Suffolk PCC Passmore wants your views on council tax increase

Tim Passmore, Suffolk's police and crime commissioner (PCC). Picture: Suffolk PCC.

Tim Passmore, Suffolk's police and crime commissioner (PCC). Picture: Suffolk PCC. - Credit: Archant

Suffolk residents are being asked what they think about paying more for their police in a bid to keep the county safe.

Police and Crime Commissioner Tim Passmore is asking people living in a home with Band B council tax – the most numerous in Suffolk – whether they would be prepared to pay an extra £9.31 a year for policing.

The government has changed the rules about council tax rises in a bid to ease restrictions on local authorities and police across the country.

Instead of a 2% cap on increases, Suffolk Police will this year be able to increase its element of council tax bills by nearly 6.8% if the PCC wishes.

However when Mr Passmore was re-elected to the position in May last year, he said he would be looking to increase the police element by 2% because that was the limit at the time – and he said he needed to ask voters what they would think about a larger rise before he set this year’s budget.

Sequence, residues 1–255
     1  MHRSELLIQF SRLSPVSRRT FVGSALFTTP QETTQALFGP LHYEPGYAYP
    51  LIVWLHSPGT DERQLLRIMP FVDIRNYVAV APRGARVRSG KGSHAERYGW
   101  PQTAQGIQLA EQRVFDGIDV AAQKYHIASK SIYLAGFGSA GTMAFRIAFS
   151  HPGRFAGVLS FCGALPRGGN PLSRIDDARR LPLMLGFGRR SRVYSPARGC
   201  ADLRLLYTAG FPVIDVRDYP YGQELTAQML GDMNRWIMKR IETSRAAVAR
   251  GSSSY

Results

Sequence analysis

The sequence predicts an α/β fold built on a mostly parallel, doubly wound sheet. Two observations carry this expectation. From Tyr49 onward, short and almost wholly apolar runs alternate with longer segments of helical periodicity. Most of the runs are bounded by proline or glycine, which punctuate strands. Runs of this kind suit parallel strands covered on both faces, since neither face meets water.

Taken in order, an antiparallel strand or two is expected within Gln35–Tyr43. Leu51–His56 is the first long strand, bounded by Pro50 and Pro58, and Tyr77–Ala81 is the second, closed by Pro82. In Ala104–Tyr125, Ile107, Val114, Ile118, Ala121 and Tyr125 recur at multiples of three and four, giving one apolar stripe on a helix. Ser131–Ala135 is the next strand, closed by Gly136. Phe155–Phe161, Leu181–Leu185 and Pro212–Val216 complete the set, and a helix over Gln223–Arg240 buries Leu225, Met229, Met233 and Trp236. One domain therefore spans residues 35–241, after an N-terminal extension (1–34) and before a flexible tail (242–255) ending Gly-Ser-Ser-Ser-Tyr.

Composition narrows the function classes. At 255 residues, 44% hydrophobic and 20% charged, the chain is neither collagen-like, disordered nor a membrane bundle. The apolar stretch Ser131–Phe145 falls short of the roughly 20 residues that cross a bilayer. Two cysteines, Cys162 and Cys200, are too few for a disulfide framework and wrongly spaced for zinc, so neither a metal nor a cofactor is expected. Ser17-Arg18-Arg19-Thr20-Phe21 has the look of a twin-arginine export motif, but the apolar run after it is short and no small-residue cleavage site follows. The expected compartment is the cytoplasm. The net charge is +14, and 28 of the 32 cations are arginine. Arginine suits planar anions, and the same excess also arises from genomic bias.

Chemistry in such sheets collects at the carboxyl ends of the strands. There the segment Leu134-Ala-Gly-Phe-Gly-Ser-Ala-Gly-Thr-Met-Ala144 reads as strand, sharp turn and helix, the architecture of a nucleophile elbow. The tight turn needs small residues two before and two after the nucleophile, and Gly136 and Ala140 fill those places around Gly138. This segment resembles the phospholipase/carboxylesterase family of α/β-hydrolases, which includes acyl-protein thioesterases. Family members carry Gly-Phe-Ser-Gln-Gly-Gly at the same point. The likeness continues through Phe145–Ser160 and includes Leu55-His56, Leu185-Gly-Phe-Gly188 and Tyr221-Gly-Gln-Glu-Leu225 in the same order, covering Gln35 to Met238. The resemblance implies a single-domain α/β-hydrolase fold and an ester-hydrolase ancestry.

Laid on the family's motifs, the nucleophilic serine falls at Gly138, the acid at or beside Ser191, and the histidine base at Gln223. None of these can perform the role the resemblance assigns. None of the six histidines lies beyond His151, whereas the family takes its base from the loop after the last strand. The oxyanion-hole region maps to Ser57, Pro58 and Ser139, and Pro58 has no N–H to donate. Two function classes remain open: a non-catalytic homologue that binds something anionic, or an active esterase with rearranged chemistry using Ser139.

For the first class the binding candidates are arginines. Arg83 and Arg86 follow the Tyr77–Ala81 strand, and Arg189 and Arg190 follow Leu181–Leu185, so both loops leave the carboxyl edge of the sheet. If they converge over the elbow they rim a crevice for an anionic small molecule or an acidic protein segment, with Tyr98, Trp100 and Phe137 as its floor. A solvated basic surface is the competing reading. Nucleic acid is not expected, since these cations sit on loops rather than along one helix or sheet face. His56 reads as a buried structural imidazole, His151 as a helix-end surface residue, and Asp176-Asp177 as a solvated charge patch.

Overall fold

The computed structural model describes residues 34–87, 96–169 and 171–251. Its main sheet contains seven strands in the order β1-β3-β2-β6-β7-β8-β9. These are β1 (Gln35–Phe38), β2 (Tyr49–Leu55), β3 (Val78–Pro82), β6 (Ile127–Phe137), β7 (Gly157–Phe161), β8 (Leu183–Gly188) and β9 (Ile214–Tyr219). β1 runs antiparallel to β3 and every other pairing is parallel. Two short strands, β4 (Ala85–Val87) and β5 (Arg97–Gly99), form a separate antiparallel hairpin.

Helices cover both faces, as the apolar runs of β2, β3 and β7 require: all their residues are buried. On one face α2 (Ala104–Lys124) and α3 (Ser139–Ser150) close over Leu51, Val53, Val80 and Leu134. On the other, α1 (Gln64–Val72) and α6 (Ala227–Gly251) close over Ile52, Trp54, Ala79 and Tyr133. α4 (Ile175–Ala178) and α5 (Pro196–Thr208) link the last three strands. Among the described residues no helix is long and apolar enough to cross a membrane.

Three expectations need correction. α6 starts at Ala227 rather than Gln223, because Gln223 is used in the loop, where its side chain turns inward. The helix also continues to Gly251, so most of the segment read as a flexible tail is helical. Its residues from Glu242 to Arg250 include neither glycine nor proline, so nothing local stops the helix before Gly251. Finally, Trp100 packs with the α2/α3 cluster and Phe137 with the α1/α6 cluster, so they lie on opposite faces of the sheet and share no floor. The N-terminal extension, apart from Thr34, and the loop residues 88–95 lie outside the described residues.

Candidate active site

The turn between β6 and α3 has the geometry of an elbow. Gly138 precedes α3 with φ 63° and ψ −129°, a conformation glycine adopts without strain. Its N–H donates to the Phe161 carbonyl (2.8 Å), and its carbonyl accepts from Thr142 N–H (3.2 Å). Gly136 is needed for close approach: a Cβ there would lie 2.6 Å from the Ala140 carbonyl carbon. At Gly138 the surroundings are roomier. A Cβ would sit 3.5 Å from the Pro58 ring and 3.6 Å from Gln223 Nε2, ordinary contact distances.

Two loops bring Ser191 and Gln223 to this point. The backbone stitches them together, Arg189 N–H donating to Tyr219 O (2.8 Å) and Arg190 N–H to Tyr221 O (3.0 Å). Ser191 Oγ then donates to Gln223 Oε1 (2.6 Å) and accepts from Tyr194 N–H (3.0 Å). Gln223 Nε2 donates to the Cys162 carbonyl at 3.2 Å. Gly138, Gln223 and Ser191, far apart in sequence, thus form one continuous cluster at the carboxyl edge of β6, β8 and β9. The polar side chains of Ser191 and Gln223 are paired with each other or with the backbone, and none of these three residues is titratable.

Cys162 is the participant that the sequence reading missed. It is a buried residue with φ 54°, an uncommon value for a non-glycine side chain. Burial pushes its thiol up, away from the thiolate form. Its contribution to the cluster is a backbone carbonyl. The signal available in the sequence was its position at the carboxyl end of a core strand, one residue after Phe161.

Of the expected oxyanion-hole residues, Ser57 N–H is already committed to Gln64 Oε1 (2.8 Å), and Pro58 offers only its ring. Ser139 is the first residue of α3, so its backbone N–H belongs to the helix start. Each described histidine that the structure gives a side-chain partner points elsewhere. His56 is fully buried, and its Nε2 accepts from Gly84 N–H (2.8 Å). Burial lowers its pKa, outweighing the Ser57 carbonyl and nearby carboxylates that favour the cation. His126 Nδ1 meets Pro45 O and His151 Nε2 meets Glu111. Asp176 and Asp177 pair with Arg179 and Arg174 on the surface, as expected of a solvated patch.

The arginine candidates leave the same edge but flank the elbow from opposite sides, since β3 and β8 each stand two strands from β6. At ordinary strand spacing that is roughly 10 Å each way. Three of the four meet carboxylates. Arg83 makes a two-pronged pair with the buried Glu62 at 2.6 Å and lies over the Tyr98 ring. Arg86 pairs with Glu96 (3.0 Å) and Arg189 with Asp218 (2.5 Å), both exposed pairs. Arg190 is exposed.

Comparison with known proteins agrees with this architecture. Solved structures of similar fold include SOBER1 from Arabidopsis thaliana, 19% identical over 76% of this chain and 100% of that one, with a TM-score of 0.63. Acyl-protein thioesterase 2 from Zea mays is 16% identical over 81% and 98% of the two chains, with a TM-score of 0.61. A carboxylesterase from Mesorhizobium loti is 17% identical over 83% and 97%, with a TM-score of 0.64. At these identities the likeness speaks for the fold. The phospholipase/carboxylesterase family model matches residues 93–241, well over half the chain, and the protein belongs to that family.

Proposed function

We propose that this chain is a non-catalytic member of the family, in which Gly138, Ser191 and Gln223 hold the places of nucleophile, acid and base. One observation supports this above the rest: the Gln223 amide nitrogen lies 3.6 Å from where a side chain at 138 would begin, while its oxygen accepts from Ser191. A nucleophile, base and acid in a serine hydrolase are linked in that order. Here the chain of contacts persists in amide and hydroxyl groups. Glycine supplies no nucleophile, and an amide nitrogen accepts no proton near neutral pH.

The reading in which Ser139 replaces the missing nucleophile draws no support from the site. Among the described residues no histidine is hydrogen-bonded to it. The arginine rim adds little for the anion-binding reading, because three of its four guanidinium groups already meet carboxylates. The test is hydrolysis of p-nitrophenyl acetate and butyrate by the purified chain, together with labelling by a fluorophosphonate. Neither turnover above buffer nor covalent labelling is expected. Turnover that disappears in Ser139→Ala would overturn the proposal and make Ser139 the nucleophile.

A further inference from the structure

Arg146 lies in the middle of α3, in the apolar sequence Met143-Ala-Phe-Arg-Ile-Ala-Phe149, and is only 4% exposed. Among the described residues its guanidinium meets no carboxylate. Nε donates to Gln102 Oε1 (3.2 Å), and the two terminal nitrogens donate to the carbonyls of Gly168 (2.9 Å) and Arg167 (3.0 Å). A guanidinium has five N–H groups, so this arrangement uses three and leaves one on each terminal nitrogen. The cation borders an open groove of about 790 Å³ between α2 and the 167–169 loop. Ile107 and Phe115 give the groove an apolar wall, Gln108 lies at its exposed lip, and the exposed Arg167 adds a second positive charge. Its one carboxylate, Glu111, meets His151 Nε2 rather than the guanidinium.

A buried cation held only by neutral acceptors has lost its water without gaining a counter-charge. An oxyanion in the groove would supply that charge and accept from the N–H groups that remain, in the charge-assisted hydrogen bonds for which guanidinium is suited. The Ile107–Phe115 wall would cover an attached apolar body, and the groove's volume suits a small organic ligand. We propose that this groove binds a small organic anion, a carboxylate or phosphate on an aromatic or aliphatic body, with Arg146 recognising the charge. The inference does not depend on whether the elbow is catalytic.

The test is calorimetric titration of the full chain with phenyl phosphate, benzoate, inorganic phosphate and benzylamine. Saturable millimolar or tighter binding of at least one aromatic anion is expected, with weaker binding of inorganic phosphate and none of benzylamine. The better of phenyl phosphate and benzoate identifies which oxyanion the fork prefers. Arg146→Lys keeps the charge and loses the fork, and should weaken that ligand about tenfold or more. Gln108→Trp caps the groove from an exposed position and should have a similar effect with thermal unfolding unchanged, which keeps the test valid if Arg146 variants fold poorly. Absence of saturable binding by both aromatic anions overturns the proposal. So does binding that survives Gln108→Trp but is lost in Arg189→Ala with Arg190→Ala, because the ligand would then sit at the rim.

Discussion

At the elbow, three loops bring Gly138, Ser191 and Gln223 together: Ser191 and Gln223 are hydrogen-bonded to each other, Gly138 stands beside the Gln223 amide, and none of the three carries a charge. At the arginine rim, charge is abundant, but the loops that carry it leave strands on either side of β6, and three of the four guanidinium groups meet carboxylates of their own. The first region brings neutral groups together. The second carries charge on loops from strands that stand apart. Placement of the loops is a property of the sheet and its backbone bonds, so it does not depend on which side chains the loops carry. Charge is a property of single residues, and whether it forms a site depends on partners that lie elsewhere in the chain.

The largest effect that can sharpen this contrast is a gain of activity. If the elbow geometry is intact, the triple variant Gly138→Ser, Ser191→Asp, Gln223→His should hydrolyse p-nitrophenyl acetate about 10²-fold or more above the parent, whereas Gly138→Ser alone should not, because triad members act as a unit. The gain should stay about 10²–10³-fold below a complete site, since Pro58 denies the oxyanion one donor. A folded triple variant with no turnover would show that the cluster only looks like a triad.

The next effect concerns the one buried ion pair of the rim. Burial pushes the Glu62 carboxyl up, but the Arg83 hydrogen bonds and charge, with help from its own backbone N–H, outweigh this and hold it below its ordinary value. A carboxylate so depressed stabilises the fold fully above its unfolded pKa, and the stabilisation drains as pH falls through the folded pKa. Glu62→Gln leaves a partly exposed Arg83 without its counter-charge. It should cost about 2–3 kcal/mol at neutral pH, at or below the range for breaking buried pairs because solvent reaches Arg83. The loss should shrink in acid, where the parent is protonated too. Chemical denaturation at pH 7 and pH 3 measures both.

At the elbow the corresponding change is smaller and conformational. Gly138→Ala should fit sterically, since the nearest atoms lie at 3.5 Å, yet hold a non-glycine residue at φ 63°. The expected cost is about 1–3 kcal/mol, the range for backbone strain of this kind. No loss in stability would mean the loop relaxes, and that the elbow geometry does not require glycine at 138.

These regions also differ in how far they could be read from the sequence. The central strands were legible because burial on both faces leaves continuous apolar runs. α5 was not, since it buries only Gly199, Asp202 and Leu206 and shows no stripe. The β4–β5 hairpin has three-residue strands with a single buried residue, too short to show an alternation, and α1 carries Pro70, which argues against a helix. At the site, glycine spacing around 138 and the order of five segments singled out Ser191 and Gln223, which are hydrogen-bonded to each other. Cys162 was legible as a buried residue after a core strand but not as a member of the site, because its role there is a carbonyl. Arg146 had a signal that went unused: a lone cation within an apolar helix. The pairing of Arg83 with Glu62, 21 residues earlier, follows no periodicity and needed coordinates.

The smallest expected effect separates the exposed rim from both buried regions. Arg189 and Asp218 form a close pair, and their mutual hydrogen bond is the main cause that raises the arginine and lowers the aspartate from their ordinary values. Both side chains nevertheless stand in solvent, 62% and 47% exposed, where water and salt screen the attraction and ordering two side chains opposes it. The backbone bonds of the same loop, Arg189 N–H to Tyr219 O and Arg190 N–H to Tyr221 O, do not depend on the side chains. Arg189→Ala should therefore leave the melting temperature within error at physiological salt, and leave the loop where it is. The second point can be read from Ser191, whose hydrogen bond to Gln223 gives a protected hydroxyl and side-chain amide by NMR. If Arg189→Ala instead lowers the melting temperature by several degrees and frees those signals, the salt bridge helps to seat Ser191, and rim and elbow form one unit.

The rise would put the Band B element of police council tax up from £137.55 a year to £146.86.

Mr Passmore said: “Suffolk Constabulary does a good job for the people of Suffolk. It is a low-cost force and offers good value for money. However, we face significant financial challenges and this will continue for the foreseeable future.

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“On December 19th the Policing Minister made his announcement about funding for the next financial year. Whilst we will receive the same amount of core government funding as in 2017/18, the bottom line is this does not take into account the impact of inflation nor additional policing costs, so I will need to raise the council tax precept to cover this.

“I understand the impact an increase in council tax will have on you as a resident of Suffolk but I have a difficult decision to make.”

Mr Passmore said he needed to know whether Suffolk residents would be prepared to pay an extra 12.5p per week(in a Band B property), which would be difference between the 2% and the 6.8% precept increase.

The Chief Constable had told him that the additional funding, generated would give stability to the Constabulary and enable it to maintain and improve its services in the county which need more investment.

The survey is open until 5pm on January 10 and can be found here